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Pitchblack Oil, LLC v. Hess Bakken Investments II, LLC

United States District Court, D. North Dakota

March 7, 2018

Pitchblack Oil, LLC, Dustin J. Stuber and Suzanne M. Young, Trustees of the Good Shepherds Royalty Trust, Douglas R. Hansen, and Lori A. Hansen, Plaintiffs,
v.
Hess Bakken Investments II, LLC, Hess Corporation, Rocky R. Svihl, as Trustee of the RGKH Mineral & Royalty Trust dated November 1, 1995, and Whitetail Wave LLC, Defendants.

          ORDER DENYING PLAINTIFFS' MOTION FOR SUMMARY JUDGMENT AND GRANTING DEFENDANTS' MOTION FOR SUMMARY JUDGMENT

          L. Hovland, Chief Judge United States District Court

         Before the Court are cross-motions for summary judgment. Pitchblack Oil, LLC (“Pitchblack”) filed a complaint against Hess Bakken Investments II and Hess Corporation (“Hess”) in North Dakota state court on September 8, 2016. See Docket Nos. 1-3 and 1-5. Hess filed a Notice of Removal based on diversity jurisdiction on September 30, 2016. See Docket No. 1. Pitchblack and Hess entered into a Stipulation to Amend Complaint to add additional parties on October 6, 2016. See Docket No. 8. The Plaintiffs filed an amended complaint on December 21, 2016. See Docket No. 17. Hess filed a counterclaim against the Plaintiffs and a crossclaim against Whitetail Wave LLC (“Whitetail”), and Rocky R. Svihl on January 12, 2017. See Docket No. 19. The Plaintiffs moved for summary judgment on April 19, 2017. See Docket No. 34. Whitetail filed a response supporting the Plaintiffs' summary judgment motion on May 15, 2017. See Docket No. 40. Hess filed a cross-motion for summary judgment on May 25, 2017. See Docket No. 41. The Plaintiffs filed a reply to Hess's summary judgment motion on June 15, 2017. See Docket No. 52. Whitetail filed a response in opposition to Hess's summary judgment motion on June 29, 2017. See Docket No. 53. Hess filed a reply to the Plaintiffs' reply and Whitetails' response on July 13, 2017. See Docket No. 54. For the reasons set forth below, the Plaintiffs' summary judgment motion is denied and Hess's summary judgment motion is granted.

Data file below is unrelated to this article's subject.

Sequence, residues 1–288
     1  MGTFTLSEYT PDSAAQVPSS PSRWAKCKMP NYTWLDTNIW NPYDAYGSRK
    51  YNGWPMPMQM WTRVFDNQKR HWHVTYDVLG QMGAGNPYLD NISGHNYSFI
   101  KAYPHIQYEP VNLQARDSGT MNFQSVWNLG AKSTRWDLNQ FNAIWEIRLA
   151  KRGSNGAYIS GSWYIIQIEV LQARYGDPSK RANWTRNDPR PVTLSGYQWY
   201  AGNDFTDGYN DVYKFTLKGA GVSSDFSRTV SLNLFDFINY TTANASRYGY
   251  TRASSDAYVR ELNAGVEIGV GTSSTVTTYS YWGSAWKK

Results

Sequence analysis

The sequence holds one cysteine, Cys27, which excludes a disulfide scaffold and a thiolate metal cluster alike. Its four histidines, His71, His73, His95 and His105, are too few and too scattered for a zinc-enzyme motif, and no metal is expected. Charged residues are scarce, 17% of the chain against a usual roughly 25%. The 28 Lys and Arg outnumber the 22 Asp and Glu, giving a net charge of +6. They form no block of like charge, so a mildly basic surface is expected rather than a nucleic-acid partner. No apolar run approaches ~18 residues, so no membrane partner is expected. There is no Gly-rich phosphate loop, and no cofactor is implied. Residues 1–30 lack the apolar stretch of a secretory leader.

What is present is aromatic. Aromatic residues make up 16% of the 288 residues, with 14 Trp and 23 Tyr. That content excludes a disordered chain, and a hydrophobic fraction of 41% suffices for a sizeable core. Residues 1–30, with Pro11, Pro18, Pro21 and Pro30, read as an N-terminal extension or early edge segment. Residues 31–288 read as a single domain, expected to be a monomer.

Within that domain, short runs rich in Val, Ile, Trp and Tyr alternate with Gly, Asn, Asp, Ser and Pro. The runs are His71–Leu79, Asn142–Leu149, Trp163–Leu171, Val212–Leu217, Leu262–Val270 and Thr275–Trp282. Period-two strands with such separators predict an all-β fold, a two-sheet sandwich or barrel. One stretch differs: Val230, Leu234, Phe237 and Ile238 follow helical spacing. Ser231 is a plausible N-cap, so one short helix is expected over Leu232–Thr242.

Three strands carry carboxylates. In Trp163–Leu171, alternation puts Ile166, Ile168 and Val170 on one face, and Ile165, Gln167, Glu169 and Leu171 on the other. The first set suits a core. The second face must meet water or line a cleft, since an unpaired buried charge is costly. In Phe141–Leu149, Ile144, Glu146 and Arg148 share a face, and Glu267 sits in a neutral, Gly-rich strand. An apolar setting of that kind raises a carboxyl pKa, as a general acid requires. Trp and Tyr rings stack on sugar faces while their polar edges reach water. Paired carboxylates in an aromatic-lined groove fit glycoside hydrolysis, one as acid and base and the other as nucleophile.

I. BACKGROUND

         Pitchblack is a North Dakota LLC. Dustin Stuber, a citizen of North Dakota, is Pitchblack's sole member. Hess is a Delaware corporation with its principal office in New York. Pitchblack brought suit against Hess in North Dakota state court, and Hess filed a notice of removal based on diversity jurisdiction. At the time the case was removed to this Court, complete diversity existed among the litigants. Pitchblack then amended its complaint to add additional parties. The amended complaint added the following plaintiffs: Dustin J. Stuber and Suzanne M. Young, both citizens of North Dakota; Douglas R. Hansen, a citizen of Arizona; and Lori A. Hansen, a citizen of Montana. It also added the following defendants: Rocky R. Svihl, a citizen of Arizona; and Whitetail Wave, LLC, a Montana LLC. Whitetail's sole member is Lonney H. White, Jr., a citizen of Montana. The amended complaint procedurally eliminated diversity of citizenship between the parties because it includes both plaintiffs and defendants from Montana and Arizona. Factually however, as discussed below, the interests of Defendants Svihl and Whitetail align with the Plaintiffs' interests. Collective references to “Plaintiffs” hereafter will include the procedural plaintiffs as well as Defendants Svihl and Whitetail.

         The facts of the case are undisputed. Between October and December of 2005, Rocky Mountain Exploration, Inc. (“RME”) acquired a number of oil and gas leases over lands in Dunn County, North Dakota. The pleadings and briefs set forth the details of these leases; the parties refer to them as the “Subject Leases.” See Docket Nos. 17, 35, and 43-2. On May 15, 2006, RME executed an Assignment of Overriding Royalty Interests (“the Assignment”) assigning various overriding royalty interests[1] in the Subject Leases to the “Stuber Group.” The Plaintiffs are members of the Stuber Group or successors in interest. See Docket No. 35, p. 2. The overriding royalty interests assigned to the Stuber Group ranged from 1.83% to 4.00%. The Assignment contained language stating it applied to the Subject Leases “or any extensions or renewals thereof entered into within 180 days of expiration of the applicable [Subject] Lease.” See Docket No. 7-1, p. 1.